Please can you tell me something reassuring about transporting mares and foals? I know that I can't be the only person in the world who has done this, I guess I would like to hear that hundreds of thousands of people do it every day and none of the horses ever get hurt. Your devoted fan, Jocelyn

Hi Jocelyn! In some ways we aren't all that different from horses - we can't think clearly when we're agitated and excited and emotional. Sit down, inhale deeply, exhale slowly, try to keep your mind on your breathing, and continue to do this for at least five minutes. Okay. NOW you're ready to think about the issue of transporting your mare and foal.

I don't know about hundreds of thousands, but it's very possible that those are accurate numbers. ;-) Many people DO transport mares and foals, and this DOES happen all the time. Just as one example, it's common practice for TB mares to be bred back on their foal heat or the next heat thereafter, and sent home as soon as (and sometimes before) they are confirmed in foal, which means that a great many mares are spending time on the road with very young foals. Your foal is five months old, and she may be tiny, but she's undoubtedly a great deal stronger, more coordinated, and better balanced than some of the very young foals that ride in trailers.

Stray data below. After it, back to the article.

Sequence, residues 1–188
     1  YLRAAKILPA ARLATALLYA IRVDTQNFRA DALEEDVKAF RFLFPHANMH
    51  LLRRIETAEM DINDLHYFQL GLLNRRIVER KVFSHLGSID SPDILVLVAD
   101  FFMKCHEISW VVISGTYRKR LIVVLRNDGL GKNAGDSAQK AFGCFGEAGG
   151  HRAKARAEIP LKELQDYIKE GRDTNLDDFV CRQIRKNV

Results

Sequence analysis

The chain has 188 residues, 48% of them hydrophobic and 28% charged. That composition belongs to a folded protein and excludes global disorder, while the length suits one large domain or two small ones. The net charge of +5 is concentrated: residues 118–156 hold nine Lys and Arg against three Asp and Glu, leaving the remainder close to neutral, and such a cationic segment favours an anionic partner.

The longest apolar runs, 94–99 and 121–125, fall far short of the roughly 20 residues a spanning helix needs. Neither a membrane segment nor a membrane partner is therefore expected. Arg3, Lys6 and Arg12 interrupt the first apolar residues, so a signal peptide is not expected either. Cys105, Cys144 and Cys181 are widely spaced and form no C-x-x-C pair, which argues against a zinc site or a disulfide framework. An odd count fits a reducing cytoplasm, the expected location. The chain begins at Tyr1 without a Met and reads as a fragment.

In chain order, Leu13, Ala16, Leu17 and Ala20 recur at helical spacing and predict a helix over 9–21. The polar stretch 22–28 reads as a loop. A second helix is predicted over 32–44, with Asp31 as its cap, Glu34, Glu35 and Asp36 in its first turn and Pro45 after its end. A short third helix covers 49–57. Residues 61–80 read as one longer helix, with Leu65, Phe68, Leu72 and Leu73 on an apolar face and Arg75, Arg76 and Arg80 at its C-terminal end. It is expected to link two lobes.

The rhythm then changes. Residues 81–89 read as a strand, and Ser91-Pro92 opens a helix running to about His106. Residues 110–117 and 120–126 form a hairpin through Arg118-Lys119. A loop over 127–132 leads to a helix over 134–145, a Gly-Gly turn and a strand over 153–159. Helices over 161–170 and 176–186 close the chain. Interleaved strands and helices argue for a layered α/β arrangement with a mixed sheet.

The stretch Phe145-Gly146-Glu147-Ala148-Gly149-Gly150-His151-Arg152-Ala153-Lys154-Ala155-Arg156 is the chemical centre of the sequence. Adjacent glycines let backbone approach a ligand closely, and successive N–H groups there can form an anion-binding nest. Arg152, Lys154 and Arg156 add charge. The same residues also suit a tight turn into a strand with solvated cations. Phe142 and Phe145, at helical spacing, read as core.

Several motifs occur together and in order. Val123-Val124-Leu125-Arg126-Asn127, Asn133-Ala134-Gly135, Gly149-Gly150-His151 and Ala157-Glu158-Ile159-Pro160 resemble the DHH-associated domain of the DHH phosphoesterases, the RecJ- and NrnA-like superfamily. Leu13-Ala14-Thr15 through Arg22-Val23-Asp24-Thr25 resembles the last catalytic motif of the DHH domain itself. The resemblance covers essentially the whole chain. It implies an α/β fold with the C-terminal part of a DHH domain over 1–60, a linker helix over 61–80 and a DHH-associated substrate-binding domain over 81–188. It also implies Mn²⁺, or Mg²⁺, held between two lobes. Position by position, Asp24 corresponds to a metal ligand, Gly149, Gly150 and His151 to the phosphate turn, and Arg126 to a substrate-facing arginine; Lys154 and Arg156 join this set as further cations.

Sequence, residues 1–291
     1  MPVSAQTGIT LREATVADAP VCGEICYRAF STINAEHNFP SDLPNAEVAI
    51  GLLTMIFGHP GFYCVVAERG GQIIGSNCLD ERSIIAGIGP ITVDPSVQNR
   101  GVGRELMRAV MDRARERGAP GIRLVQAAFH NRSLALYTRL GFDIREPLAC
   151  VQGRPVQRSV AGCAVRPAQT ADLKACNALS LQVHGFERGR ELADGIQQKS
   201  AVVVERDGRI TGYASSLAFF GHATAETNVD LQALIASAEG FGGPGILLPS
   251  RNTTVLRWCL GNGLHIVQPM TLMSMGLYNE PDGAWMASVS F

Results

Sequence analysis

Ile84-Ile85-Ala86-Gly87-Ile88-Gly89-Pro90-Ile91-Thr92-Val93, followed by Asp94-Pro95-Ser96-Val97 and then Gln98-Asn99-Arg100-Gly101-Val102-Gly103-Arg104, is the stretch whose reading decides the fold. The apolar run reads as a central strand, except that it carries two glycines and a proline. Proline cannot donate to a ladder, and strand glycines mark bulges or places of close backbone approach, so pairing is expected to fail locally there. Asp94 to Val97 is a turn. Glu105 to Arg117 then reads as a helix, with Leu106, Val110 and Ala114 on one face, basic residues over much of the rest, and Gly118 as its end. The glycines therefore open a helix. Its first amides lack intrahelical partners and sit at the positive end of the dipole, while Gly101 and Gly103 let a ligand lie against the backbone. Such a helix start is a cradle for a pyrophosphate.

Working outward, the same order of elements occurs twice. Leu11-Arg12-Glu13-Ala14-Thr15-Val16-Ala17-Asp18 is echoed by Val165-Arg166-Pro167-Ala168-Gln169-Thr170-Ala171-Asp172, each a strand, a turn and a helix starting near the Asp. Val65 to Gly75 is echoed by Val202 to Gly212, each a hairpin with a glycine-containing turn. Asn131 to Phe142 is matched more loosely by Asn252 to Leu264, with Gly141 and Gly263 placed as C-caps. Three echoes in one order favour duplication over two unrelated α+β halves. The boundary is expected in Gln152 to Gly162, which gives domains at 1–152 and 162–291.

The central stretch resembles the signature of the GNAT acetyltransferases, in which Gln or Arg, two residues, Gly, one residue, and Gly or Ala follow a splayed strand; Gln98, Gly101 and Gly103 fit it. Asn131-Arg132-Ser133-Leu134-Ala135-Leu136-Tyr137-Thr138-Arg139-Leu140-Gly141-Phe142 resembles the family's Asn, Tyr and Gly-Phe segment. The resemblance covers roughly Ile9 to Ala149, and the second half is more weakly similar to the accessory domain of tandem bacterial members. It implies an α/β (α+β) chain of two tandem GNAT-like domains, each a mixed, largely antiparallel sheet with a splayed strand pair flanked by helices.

If you can remove all of the partitions from your trailer - that is, take out the chest bars, the butt bars, and the center divider - then I suggest that you do so, because the very safest way for a mare and foal to travel is in a plain box with no hard objects in places that may be dangerous for a small foal.